Is measuring bed utilization the wrong measure?

After all these years I still encounter hospitals for which bed utilization is one of the key measures to review the performances of their wards. But what do you think about this measurement unit ? Does it provide the correct information, or are we using the wrong measure ?


Let’s investigate it with an example.

(The example is based on real data from a Dutch regional hospital)


Susan B. and Fred H. are both ward managers at a small regional hospital. Susan is responsible for the Internal Medicine ward, and Fred is responsible for the General Surgery ward.

Both have the same boss, general manager Lisa G.

Lisa is fairly new to the hospital sector, but is eager to show her management experience. She considers the monthly performance meetings with her ward managers as an essential part to drive improvements. When she started a few months ago she didn’t want to change too much at once. So she still uses the management report of her predecessor. Bed utilization is one of the key measurements in this report.

Preparing for the next monthly performance meeting with Susan and Fred she notices that Fred again is scoring much lower than Susan on bed utilization. This worries her. Last meeting she already had a good discussion with him and expressed her expectation that he would achieve the overall objective for bed utilization.

The overall hospital objective is a bed utilization of at least 90%. Fred achieved 83% bed utilization last month, this is already better than last month, but is still far away from the objective of achieving  at least a 90% bed utilization. She expected that he would have achieved a much better result. She is disappointed in Fred and next time she won’t be so soft with him anymore. She will tell him clearly that he needs to improve, if not…


Fred is also preparing for the performance meeting, and he is a little bit afraid for the meeting. Last time Lisa was very clear in her expectations on his bed utilization, and once again his results are not good enough. He did improve a little but, so that’s positive, but he honestly does not know why he improved, or what he should do to obtain the objective. He is also afraid to admit that he does not know it. Apparently Susan is a much better manager than he is, because she always scores better on bed utilization. Maybe becoming a ward manager was not such a good idea ?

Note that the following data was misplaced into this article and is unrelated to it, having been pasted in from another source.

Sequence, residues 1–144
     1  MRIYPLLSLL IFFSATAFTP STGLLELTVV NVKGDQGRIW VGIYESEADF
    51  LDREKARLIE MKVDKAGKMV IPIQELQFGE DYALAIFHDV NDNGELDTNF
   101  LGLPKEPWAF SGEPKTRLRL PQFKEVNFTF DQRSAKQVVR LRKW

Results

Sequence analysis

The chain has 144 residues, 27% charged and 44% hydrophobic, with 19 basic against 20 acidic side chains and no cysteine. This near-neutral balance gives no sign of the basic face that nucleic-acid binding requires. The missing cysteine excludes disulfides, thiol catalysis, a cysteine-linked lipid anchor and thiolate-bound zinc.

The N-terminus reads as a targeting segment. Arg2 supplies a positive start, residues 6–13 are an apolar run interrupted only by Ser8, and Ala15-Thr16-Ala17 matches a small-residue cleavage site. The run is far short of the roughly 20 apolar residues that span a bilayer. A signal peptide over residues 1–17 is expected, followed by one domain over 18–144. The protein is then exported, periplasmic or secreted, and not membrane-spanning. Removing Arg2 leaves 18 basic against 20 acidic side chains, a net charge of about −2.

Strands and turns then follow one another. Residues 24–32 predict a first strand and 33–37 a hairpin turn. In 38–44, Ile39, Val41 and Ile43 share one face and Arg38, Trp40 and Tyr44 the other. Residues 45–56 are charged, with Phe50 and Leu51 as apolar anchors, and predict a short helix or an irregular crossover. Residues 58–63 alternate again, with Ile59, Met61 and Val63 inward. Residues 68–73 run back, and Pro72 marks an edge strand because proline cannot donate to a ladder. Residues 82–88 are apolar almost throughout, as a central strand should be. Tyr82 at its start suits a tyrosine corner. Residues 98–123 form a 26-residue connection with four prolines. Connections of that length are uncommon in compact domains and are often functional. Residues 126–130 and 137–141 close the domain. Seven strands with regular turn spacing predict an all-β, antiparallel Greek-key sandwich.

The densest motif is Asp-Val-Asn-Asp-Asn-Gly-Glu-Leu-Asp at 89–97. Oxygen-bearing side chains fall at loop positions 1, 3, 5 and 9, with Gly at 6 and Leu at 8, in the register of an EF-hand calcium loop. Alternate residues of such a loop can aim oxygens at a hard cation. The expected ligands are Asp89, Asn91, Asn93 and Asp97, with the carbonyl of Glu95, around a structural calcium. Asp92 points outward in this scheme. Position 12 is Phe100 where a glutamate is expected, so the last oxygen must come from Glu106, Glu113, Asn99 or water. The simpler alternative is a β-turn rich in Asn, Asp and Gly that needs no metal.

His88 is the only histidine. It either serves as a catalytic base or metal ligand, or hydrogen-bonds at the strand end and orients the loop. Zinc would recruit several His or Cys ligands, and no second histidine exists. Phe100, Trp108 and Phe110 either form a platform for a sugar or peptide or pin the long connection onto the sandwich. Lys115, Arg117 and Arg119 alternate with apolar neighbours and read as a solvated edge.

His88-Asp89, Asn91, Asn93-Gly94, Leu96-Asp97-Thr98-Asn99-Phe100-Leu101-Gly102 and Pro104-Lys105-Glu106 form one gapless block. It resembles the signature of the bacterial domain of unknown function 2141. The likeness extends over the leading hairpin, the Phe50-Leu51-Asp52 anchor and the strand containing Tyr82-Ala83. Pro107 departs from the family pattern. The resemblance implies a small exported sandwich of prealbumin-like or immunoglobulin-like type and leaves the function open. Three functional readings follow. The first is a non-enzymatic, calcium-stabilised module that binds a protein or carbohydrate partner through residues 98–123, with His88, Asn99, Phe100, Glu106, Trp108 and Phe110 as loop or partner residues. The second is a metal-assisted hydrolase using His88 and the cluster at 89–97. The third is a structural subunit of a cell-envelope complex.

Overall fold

Lisa is confident about next performance meeting. She achieved the objective of 90% bed utilization. The highest score of the past 3 months. She has some pity for Fred, but can’t help him, because she does not know how to help him. She doesn’t even know why she achieved 93%. Hopefully Lisa only looks at the achieved result and doesn’t ask too much questions.

To think about…

In this series we don’t just provide answers. We try to trigger your thinking by posing questions that you have to answer…

So, let’s start…

  • Is Fred a bad manager and Susan a good one ?
  • What would happen if Susan and Fred would switch from department ? Would Susan then increase the ward’s performances, and Fred decrease the performances of Susan’s former ward ?
  • Does the fact that Susan’s ward is an Internal medicine ward, and Fred’s ward a General Surgery ward play a roll in the achieved performances ? If so, why ?
  • Are they both capable to affect bed utilization ? If not, who is ?
  • What triggers the utilization of beds at the Internal Medicine ward ? And at the General Surgery ward ?
  • Is bed utilization a good measure to assess the performances delivered by Susan and Fred ?
  • What key measures are best if you want to affect bed utilization ?
  • Why are so many hospitals still using bed utilization as a key metric ?


Written by Gwen Roosemont ; 4 July 2021

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